Letter to Sen. Mitch McConnell on Elena Kagan's record on campaign finance

May 19, 2010

Dear Senator McConnell,

When President Obama nominated Solicitor General Elena Kagan earlier this month as an Associate Justice of the Supreme Court, you congratulated her and pledged that "Senate Republicans will treat Ms. Kagan fairly." Common Cause welcomed your assurance of fairness and looked forward to a civil discussion about General Kagan's record, particularly at a time when much of the rhetoric around recent judicial nominations has become so heated.

Over the past several weeks, however, we are puzzled by a number of your statements about General Kagan's record as an advocate. Most especially, you recently said in a Senate floor speech that it is the "position of the Solicitor General and her office" that the federal government has the power to "ban books." Regretfully, this sort of inflammatory language grossly misrepresents General Kagan's position and is at odds with your pledge to treat the Solicitor General fairly.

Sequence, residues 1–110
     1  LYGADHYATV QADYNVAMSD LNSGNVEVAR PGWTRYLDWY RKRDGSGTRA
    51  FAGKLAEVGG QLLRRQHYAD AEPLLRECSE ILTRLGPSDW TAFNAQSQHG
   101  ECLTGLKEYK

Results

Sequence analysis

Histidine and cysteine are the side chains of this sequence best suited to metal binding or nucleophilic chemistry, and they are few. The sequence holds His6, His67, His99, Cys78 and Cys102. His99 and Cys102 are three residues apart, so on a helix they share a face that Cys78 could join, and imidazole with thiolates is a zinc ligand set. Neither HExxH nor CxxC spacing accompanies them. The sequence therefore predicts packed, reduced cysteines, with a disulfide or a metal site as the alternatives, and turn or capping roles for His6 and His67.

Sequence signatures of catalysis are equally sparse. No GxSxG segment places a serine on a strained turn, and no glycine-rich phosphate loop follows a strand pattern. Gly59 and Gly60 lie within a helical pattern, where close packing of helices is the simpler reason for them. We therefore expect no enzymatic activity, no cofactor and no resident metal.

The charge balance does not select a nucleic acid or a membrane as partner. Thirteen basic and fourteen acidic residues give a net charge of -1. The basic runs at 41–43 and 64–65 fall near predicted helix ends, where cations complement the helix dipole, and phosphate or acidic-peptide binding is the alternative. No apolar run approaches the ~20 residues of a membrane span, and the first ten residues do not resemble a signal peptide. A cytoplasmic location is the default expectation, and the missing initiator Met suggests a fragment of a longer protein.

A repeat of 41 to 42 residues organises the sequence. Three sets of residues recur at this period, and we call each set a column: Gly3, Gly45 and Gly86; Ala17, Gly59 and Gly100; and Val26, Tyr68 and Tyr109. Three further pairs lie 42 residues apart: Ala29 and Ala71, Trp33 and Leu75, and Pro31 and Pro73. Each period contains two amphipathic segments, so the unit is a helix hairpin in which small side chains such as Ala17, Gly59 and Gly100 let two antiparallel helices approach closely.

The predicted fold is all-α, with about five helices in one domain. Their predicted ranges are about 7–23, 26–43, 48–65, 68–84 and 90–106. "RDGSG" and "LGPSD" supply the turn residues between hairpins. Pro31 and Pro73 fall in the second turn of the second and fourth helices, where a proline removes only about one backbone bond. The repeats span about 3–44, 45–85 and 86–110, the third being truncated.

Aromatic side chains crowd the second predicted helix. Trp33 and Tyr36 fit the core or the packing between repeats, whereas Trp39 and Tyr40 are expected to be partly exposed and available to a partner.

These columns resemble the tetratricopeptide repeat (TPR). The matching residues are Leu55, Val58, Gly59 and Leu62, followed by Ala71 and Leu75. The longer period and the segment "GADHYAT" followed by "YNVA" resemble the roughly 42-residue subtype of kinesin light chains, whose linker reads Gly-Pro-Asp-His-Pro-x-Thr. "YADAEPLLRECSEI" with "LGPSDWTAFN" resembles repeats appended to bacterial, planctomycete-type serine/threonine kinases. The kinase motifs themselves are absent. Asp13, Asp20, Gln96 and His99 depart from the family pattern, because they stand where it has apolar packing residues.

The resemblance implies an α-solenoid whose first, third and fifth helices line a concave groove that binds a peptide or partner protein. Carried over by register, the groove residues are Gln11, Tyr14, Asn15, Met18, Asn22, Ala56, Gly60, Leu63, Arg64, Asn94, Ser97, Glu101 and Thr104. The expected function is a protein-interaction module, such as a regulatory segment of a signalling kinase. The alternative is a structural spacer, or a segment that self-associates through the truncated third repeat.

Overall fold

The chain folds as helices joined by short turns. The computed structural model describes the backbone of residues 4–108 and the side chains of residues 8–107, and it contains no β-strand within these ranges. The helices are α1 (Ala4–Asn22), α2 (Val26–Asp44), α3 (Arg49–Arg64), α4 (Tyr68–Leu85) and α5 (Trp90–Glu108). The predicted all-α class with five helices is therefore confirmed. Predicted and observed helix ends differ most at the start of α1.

Common Cause is committed to transparency and openness in government. One of our core issues is money in politics, and we followed the Citizens United litigation carefully. General Kagan argued on behalf of the government to uphold bipartisan campaign finance reform laws and to oppose unlimited corporate spending in elections. General Kagan explicitly argued to the Court that "nobody in Congress, nobody in the administrative apparatus has ever suggested that books pose any kind of corruption problem." Furthermore, to bolster her assertion, General Kagan correctly explained that the Federal Election Commission had never attempted to ban books, and if it ever tried, it was not likely to survive a constitutional challenge. General Kagan sought to defend the right of everyday citizens to make their voices heard without opening the floodgates to unlimited corporate money in our elections. She never stated that the federal government may engage in book banning.

Words matter, Senator McConnell. Your statements about book banning distort the discussion and distract from a thorough review of her qualifications. Common Cause urges you to refrain from this sort of inflammatory discussion in the future, and to return to your pledge of fair treatment.


Bob Edgar

President and CEO

Common Cause

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